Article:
Segunda Caida

Phil Schneider, Eric Ritz, Matt D and occasional guests write about pro wrestling. Follow us @segundacaida

Monday, June 30, 2014

MLJ: Rush vs Shocker BONUS: La Máscara & Rush © vs Negro Casas & Shocker for the CMLL World Tag Team Championship

CMLL on Fox Sports (Mexico): 2014-06-21
taped 2014-06-13 @ Arena México
La Máscara & Rush © vs Negro Casas & Shocker for the CMLL World Tag Team Championship



Alright, I'm jumping back to the present day for this, and I'm doing this in the exact opposite of the way that I'm supposed to. Part of the point of the Rush vs Shocker series was to show how this stuff really does mean so much more in context and that we live in very lucky times when people are posting matches weekly and you can really follow along and that it's not ALL that hard to get into Lucha if you pick something and watch it like that. I'm not doing this here. Frankly, I wanted to watch this match and even though I KNOW there are trios that build to it, I'm going to jump in. I think I know these guys well enough to do this. The honest truth is that I haven't been watching much of the current weekly tv. I've seen very little of En Busca de la Idolo for instance. I've got limited time and I'm focused on my personal map-expansion efforts.

I really did have to take a look at this though, because it had Rush, Shocker, AND Casas in it, and looked, on paper, very much like a logical progression from the Rush vs Shocker series, with Casas tossed back in and Mascara rounding things out. I know they have been really doubling down on the heel leanings for Mascara and Rush (and maybe Sombra too?), especially at Arena Mexico, but I wasn't quite prepared for what we got here.

There's a certain sanctity to title matches. At least, that's my impression. Now, I haven't seen THAT many of them, not really. I actually thought I'd maybe do a month of them to get more acclimated, before I decided on focusing on 2006 instead. My understanding is that they're a legacy of the commissions having a lot of influence, in that title matches were specially sanctioned and there could be real, honest fines for cheating, which is why they were wrestled cleaner. This remained for the most part, in a normative way, and that's why they usually start out with a lot of matwork and with luchadors really trying to show their best maestro stuff. This seems true for singles, tag, and trios titles. This match plays against that norm to a huge degree. It's the sort of self-aware genre-breaking that if done very, very rarely, can be extremely effective. If it's done every week, then the entire tower topples down upon itself, but in this case, it was a blast, at least in the primera caida.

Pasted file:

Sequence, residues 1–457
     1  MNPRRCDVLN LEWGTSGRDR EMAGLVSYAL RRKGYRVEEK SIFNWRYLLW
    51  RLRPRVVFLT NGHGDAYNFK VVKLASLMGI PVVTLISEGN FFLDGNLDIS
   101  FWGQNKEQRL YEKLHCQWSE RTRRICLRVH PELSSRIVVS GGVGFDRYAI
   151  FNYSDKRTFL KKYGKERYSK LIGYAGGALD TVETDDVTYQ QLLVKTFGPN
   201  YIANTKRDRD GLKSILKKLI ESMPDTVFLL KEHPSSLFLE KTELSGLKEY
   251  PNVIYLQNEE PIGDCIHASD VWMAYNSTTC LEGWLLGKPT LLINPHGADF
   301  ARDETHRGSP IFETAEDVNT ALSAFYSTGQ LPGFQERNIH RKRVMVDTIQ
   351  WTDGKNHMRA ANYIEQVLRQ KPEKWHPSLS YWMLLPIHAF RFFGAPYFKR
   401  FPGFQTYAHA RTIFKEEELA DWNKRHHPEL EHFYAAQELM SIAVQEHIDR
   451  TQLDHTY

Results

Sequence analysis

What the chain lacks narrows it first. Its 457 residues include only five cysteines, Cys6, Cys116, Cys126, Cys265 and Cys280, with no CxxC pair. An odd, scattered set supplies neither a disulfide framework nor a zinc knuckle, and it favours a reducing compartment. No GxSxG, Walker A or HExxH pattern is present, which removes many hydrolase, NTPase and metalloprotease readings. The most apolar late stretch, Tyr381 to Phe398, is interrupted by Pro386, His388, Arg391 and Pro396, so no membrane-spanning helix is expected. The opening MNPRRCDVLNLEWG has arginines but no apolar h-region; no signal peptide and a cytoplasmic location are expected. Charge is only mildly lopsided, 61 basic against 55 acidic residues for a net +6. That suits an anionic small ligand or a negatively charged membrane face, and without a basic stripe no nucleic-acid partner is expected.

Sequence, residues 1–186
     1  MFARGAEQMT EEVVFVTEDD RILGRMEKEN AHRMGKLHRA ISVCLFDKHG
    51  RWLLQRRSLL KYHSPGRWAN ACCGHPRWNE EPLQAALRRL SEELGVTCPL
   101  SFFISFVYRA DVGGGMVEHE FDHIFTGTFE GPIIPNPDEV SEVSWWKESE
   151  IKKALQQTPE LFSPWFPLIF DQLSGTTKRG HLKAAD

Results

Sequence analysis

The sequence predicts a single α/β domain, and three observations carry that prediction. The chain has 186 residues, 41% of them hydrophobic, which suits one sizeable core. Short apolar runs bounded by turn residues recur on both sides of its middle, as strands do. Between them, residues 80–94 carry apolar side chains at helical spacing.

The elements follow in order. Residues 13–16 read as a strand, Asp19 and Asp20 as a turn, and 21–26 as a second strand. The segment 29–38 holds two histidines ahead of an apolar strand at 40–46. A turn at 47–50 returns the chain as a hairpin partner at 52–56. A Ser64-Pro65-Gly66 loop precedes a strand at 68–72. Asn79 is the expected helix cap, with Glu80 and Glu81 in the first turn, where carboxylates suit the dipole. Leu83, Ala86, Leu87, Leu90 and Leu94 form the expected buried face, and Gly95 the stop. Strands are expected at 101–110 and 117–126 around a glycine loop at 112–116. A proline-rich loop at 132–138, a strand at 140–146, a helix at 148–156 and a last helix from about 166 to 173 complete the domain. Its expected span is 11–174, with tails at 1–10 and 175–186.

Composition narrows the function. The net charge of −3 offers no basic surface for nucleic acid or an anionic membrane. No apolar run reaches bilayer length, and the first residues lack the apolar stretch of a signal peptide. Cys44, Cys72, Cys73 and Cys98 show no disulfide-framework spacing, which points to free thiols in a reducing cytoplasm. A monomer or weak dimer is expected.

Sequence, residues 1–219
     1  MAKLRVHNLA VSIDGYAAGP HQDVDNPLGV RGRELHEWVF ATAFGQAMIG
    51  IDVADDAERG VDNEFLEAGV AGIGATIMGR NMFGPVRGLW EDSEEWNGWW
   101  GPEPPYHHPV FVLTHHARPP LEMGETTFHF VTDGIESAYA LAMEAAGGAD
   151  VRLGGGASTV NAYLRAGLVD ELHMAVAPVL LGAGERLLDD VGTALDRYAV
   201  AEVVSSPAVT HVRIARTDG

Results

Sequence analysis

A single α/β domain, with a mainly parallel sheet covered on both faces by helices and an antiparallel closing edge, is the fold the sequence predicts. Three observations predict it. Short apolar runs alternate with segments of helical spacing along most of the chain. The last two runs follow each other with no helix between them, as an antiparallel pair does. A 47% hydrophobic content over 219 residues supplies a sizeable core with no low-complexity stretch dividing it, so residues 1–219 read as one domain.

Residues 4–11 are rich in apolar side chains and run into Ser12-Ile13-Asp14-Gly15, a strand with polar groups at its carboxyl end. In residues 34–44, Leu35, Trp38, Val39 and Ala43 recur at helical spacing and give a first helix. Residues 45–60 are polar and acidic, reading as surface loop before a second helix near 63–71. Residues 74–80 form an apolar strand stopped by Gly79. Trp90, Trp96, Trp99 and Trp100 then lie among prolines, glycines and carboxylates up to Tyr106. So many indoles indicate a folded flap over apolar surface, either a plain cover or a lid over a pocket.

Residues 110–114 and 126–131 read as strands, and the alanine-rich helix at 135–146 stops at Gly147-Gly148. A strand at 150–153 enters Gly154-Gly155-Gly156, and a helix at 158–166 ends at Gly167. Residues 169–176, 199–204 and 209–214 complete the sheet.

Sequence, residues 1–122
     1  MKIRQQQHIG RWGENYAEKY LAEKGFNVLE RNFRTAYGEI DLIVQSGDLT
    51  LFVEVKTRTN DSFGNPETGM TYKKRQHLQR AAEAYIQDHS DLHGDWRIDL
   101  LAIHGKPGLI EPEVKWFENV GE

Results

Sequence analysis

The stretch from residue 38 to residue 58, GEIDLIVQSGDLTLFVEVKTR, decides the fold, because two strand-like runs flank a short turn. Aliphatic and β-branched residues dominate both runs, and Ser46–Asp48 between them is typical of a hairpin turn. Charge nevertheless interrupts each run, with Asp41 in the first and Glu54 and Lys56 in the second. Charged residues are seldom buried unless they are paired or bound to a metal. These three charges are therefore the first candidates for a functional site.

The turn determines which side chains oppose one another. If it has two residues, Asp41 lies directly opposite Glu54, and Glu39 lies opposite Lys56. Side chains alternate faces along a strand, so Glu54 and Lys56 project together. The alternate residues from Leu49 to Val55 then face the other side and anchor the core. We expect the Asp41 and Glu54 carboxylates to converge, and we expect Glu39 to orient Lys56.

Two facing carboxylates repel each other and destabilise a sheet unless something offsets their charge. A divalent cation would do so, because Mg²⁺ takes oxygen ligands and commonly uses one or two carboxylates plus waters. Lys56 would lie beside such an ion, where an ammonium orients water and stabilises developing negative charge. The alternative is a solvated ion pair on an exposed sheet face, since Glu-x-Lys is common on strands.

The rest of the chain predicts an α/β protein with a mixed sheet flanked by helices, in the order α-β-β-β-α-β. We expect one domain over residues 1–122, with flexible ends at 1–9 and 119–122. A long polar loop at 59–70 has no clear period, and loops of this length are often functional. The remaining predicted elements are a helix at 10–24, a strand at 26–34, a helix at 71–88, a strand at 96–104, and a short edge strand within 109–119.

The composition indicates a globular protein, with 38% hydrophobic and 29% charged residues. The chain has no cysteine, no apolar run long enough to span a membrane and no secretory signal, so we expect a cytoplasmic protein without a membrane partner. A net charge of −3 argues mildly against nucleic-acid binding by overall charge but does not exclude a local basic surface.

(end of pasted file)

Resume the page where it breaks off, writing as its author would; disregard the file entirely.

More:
This started with the usual pomp, with all four guys posing for a picture with the belt and the introduction of Tirantes and what not. Shocker even started vs Mascara like it was going to be any other title match, immediately going into matwork with him. He had just gotten him down and locked on a wristlock, when, literally in the span of seconds, Rush came in and kicked him in the back, to the nominal rudos' exasperation. Mascara tried for a few strikes, instead of going back to the mat, but Shocker caught the leg and locked on another hold. Rush came right back in and nonchalantly stepped on Shocker's face, before doing a double stomp off the ropes that Shocker sold like death. Casas pushed his partner out, faced off against Mascara, went for a lock up, and Mascara ducked under and walked to his corner so he could fix Rush's hair and then stall, as the crowd got increasingly irate. Rush finally came in and Casas got the better of a strike exchange only to get kicked in the throat, off the ropes from the outside in by Mascara. Mascara and Rush dominated the rest of the primera. Shocker got one hope spot in but was double dropkicked and they finished them off with a tandem beating, stooging and posing in between, like when they had Casas up in a double suplex and made sure to flex before dropping him.